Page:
Probate meaning & process explained

Probate Meaning & process

Probate means the process by which the executor applies to the Court to have the Will approved and Probate granted.

The process involves the executor proving the Will to the Court. If satisfied, the Court will approve the Will as valid and grants Probate to the executor. The executor can then act on the Will to carry out the will maker’s intentions.

Probate process following death

When a person dies the person appointed Executor by the Will has to apply for a Grant of Probate. The Court has to satisfied itself that:

  1. The person has died (done by producing the death certificate);
  2. The Will was validly made; and
  3. The applicant is named as Executor in the Will.

Probate will not be granted unless the Court is fully satisfied.

Sometimes if there are doubts a court may require additional information. On occasions, a court may ask for an Affidavit of Due Execution. In such an affidavit the witnesses  will have to swear or affirm that they witnesses saw the will maker sign the Will before them.

You could consider the Grant of Probate like the “Driver’s Licence”. The Grant is the ‘licence’ that gives the Executor to right to act as executor rather than the Will. After all a Will could be ruled invalid.

Probate process following Grant of Probate

Once Probate is granted the executor is able to ask those who owe the deceased money to pay up. This includes money in bank accounts held by the deceased, insurance policies, etc.

It’s the Grant that empowers the executor to deal with and sell real estate and shares of the deceased to convert to cash.

The executor can also start paying off the debts of the estate and taxes from the cash available to the executor. If the estate does not have enough money to pay all of the debts such an estate is insolvent. Funeral expenses, the costs of obtaining probate and taxes have to be paid in full first. Then only do the remaining creditors get to share what’s left over.

If the estate is solvent once all assets are converted to cash the executor can begin distribution to the beneficiaries. As part of the process of distribution a prudent executor will seek a Release or Discharge from all beneficiaries.

If a beneficiary is under 21 that person is unable to provide a Release under the law. This is what stops a child from receiving his/her inheritance even if the Will doesn’t say at what age a beneficiary is able to receive his/her inheritance. More information on this can be found in our next article on Executor of Will protecting infant’s inheritance.

Executor and trustee

Most Wills appoint the same person as both executor and trustee.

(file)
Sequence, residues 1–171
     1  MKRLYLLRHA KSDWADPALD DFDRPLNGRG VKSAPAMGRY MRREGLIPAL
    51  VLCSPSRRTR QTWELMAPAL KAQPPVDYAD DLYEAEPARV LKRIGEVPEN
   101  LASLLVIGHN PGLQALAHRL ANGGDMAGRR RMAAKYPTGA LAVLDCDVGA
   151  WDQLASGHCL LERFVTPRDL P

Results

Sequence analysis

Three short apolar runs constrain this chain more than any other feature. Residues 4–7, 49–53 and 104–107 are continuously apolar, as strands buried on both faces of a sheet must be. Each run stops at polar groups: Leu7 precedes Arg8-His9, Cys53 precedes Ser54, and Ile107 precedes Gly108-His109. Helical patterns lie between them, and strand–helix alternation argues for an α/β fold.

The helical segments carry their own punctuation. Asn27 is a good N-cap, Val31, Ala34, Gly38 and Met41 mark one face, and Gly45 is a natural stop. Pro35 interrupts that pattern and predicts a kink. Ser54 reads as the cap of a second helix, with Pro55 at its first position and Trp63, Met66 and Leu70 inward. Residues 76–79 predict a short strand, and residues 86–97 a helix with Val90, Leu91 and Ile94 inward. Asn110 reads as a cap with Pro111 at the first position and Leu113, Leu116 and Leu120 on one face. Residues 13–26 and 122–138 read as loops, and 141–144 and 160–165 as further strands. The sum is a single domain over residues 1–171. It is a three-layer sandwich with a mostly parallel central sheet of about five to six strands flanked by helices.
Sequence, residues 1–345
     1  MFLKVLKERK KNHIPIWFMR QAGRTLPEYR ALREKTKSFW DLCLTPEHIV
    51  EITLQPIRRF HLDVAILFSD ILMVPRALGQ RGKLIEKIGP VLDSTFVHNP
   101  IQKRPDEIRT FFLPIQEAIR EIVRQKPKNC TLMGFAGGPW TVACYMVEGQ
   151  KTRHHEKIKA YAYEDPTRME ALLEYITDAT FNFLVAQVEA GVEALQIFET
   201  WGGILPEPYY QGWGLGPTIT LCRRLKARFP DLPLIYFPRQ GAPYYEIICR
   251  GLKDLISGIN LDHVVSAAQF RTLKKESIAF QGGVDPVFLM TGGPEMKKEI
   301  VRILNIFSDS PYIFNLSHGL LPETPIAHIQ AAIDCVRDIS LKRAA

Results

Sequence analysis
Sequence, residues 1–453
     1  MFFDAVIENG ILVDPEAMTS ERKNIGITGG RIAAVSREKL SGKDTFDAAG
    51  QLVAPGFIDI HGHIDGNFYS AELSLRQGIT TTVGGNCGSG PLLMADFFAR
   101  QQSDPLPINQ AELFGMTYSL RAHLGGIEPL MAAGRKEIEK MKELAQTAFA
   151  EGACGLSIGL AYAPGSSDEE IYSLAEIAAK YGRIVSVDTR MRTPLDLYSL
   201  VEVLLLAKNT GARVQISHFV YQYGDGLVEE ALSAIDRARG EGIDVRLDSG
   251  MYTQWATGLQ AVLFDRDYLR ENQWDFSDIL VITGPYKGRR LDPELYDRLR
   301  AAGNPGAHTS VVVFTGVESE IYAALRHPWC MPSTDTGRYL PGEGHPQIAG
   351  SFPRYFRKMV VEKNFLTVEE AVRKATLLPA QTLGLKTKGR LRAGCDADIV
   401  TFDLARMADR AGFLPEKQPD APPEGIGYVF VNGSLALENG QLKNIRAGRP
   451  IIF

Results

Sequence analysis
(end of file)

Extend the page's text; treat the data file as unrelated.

Where a Will includes a Testamentary Trust the persons named as executors and trustees may also be named Trustees of the Testamentary Trust.

However, sometimes different persons may be appointed as Trustees just for the Testamentary Trust. For example, an estate may have 2 main beneficiaries, one of which is the testamentary trust. After distributing the share to the first beneficiary the share meant for the testamentary trust is then paid to the trustees of the testamentary trust by the trustees of the Will.

When a person dies there will be a lot of things  an executor has to do initially. This includes hiring a lawyer to apply for Probate.

Once Probate is granted and assets are “called in” and all debts paid it leaves just the management of the estate assets and the distribution.

With a testamentary trust it makes sense for a Will to have a Singaporean resident as executor and trustee of the Will to handle the initial work.

The Will can then have non-residents as trustees of the testamentary trust. Trust management and distribution are tasks that are more easily managed by a non-resident than the initial process of being executor and trustee.

If a Will doesn’t have a Testamentary Trust you can still name one person as executor and another as trustee. However, it makes no sense to do this as the same person can be both executor and trustee.

This way he or she can have the whole estate managed, distributed and finalised within a relatively short period of time.

For this reason most Wills appoint the same person as both executor and trustee rather than one person as executor and another as Trustee.

29th January 2021





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